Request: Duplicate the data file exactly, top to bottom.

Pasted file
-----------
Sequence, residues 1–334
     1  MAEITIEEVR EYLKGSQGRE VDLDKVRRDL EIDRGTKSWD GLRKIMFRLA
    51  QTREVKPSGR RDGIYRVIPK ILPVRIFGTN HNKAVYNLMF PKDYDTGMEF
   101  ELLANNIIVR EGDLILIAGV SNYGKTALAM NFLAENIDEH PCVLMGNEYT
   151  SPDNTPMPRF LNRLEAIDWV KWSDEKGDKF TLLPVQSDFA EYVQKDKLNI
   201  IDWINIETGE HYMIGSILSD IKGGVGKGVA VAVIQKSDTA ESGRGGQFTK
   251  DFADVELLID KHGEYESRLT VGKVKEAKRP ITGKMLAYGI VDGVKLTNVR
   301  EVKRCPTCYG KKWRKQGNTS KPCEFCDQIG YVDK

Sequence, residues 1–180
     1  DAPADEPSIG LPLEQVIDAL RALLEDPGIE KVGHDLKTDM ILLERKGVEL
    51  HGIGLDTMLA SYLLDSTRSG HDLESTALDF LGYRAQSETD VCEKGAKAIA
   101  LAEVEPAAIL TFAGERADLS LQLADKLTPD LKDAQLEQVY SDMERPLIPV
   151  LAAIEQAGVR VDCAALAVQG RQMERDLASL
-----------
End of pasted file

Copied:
Sequence, residues 1–334
     1  MAEITIEEVR EYLKGSQGRE VDLDKVRRDL EIDRGTKSWD GLRKIMFRLA
    51  QTREVKPSGR RDGIYRVIPK ILPVRIFGTN HNKAVYNLMF PKDYDTGMEF
   101  ELLANNIIVR EGDLILIAGV SNYGKTALAM NFLAENIDEH PCVLMGNEYT
   151  SPDNTPMPRF LNRLEAIDWV KWSDEKGDKF TLLPVQSDFA EYVQKDKLNI
   201  IDWINIETGE HYMIGSILSD IKGGVGKGVA VAVIQKSDTA ESGRGGQFTK
   251  DFADVELLID KHGEYESRLT VGKVKEAKRP ITGKMLAYGI VDGVKLTNVR
   301  EVKRCPTCYG KKWRKQGNTS KPCEFCDQIG YVDK

Sequence, residues 1–180
     1  DAPADEPSIG LPLEQVIDAL RALLEDPGIE KVGHDLKTDM ILLERKGVEL
    51  HGIGLDTMLA SYLLDSTRSG HDLESTALDF LGYRAQSETD VCEKGAKAIA
   101  LAEVEPAAIL TFAGERADLS LQLADKLTPD LKDAQLEQVY SDMERPLIPV
   151  LAAIEQAGVR VDCAALAVQG RQMERDLASL